Embracing Your Inner Cruise Director–Or Not

How's this for disturbing?

We’ve had a busy few months with a lot of travel and visitors, and throughout it all, the same themes keep popping up.  One is just how different Ken and I are in some pretty fundamental ways.  For example, he’s an extrovert at heart, someone who should be out and about in the world, not stuck in the basement, working from home.  And while I’m not exactly a shrinking violet myself, if I don’t balance my social time with some serious downtime, I quickly start to short out.

But it’s funny what happens when you’ve been married to someone long enough.  You start trying to solve their problems.  (Or at least I do.)  So, for a while there, when we were really stuck in the weeds, I inadvertently took on the role of Cruise, I mean Social Director.  (Remember Julie McCoy from The Love Boat? When I was a kid, man, I loved that 70s double-decker power hour on Saturday nights: The Love Boat followed by Fantasy Island.  And yet, no matter how much popcorn I’d eaten, I can’t say that I ever aspired to become her.  But damn, here I am, a 41-year-old haggard-looking Cruise Director Julie with gray, I mean, dark hair.)

Now where was I? Oh, that’s right–talking about how I inadvertently became our Social Director because I realized that Ken needed to see his friends and wasn’t exactly doing anything about it.

Now if anyone else told me this story, I’d think to myself: blecchhh.  Let that fucker do his own work, missy!  It’s not your job to shore up your husband’s social life—that’s his job.


So how in the world did I end up taking it on?

Good question.

Sometimes in marriage, I’ve found, you end up doing stuff you, umm, don’t exactly want to.  Things you’d rather be tortured over before giving in.  Well, that’s how I feel about organizing my family’s social schedule–let’s just say it ain’t my cup ‘o tea, friend.  And even though I’m still trying to understand how and when I morphed into Julie McCoy, maybe it’s enough to just realize that when we love someone, sometimes we want to go the extra mile for them. Even if that meets inadvertently waterboarding ourselves in the process.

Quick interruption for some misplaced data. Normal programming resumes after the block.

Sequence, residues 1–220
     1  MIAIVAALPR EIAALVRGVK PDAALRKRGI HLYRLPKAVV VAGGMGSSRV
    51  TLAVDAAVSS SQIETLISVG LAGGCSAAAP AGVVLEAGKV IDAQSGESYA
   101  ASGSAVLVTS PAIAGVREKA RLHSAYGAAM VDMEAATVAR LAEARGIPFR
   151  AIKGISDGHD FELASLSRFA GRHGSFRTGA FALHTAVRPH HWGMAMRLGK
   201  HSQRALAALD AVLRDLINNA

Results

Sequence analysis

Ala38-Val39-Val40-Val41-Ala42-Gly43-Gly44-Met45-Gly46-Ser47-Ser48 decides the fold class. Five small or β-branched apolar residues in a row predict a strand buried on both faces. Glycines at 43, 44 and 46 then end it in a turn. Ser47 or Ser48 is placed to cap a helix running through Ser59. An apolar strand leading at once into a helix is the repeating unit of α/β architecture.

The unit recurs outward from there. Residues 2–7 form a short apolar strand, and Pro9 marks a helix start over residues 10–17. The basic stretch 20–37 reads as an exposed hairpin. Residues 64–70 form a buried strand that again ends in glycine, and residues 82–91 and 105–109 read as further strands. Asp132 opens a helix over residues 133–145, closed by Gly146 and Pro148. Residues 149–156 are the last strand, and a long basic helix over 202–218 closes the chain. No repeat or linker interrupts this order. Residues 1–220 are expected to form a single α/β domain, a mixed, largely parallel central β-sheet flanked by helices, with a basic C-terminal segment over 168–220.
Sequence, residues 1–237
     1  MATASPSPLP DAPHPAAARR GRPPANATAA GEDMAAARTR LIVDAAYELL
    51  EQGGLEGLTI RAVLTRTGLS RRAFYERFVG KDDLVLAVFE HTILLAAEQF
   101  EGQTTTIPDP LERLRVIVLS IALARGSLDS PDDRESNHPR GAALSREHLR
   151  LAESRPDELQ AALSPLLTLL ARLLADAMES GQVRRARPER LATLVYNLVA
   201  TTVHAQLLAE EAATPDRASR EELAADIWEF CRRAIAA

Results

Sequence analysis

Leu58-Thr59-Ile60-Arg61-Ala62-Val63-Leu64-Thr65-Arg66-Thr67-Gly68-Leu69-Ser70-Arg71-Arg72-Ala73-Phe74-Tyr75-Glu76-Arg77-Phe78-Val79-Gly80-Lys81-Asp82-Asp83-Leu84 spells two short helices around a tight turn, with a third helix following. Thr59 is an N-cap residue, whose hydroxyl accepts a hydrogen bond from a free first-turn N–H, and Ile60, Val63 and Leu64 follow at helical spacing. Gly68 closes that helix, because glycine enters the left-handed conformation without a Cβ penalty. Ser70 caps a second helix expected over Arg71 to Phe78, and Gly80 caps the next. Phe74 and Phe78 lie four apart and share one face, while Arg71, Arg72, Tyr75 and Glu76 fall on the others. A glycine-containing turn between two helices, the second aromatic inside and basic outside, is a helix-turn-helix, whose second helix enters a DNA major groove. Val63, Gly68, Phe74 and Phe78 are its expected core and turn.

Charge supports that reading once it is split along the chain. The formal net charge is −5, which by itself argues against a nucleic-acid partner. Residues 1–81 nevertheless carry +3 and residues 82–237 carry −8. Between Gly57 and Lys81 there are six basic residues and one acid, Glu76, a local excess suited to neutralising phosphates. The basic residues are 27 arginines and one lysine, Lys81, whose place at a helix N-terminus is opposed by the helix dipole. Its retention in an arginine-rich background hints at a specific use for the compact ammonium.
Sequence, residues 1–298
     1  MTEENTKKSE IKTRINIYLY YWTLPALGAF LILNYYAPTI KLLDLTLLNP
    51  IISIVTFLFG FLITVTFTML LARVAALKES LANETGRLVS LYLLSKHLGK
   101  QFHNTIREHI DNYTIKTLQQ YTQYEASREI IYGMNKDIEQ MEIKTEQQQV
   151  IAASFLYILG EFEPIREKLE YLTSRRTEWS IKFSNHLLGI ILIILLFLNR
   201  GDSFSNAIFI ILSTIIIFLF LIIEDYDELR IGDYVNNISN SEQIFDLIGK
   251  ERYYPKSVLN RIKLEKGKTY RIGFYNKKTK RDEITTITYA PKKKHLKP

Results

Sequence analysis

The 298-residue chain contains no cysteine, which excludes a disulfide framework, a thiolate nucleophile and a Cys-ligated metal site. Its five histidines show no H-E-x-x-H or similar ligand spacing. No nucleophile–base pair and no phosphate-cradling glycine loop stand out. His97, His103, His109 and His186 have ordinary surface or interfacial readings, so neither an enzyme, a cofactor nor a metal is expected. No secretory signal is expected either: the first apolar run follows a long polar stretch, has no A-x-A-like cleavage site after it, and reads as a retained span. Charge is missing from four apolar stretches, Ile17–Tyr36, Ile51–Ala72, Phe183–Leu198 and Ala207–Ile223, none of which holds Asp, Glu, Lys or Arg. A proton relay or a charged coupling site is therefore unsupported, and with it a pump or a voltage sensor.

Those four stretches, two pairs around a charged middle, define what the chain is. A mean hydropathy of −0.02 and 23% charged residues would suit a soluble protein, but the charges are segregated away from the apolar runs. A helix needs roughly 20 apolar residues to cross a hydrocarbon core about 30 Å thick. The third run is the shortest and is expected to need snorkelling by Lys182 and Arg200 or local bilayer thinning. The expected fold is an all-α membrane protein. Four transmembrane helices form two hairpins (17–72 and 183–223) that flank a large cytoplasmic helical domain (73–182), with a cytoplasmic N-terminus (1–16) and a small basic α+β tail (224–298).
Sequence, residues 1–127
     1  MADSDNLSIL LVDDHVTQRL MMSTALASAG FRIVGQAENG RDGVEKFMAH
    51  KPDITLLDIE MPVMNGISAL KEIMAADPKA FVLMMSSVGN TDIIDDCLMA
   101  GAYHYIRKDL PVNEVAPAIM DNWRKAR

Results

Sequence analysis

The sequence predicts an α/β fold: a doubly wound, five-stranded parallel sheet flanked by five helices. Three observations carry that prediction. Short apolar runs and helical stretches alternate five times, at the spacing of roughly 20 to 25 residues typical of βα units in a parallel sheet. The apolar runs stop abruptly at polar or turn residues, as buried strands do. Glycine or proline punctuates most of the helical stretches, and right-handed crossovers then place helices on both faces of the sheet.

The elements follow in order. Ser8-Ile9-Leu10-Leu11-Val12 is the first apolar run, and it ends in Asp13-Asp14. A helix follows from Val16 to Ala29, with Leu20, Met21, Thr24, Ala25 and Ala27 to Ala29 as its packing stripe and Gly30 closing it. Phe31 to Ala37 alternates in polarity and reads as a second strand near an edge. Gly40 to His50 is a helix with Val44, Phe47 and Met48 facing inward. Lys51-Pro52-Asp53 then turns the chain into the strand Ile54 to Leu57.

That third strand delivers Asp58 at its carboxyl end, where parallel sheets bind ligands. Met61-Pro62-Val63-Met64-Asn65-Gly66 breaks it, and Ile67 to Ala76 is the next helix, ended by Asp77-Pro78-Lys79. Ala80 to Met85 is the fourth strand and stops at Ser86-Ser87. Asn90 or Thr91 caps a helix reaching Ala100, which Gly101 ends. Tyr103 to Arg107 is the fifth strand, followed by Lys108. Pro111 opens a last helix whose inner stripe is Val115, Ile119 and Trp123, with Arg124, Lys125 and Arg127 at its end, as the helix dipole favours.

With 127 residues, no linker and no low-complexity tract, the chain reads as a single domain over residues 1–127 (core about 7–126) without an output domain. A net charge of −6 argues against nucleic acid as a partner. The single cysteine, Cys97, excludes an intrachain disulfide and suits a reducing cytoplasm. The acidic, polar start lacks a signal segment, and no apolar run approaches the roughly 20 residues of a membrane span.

So what’s my point here?

Great question!  Obviously, it’s that I haven’t had enough coffee today.  But if there was going to be a second (and third) point here, they’d be this:

  • Sometimes, it’s worth giving in and doing something you know will make your spouse happy.
  • But only if you know (and respect) your own limits.

Which brings me to the final point in today’s ramblings.  Push yourself past those limits and you’ll be sorry.  For me, this means spending a lot of time getting my mind and body back up to speed after exhausting my reserves.  Each and every time.

But I’m learning.

Just like I’m learning that it’s Ken’s job to get his ass back out there.  And just like I’m learning that I need to chill out way more than most normal people.

But isn’t that difference part of what makes this relationship thing all so interesting?  So take my word from it: respect your strengths and differences and your marriage, too, shall flourish.  And, please, for the love of God, when you’re starting to lose it, don’t morph into Julie McCoy!  Tattoo, maybe, or Mr. Roarke….

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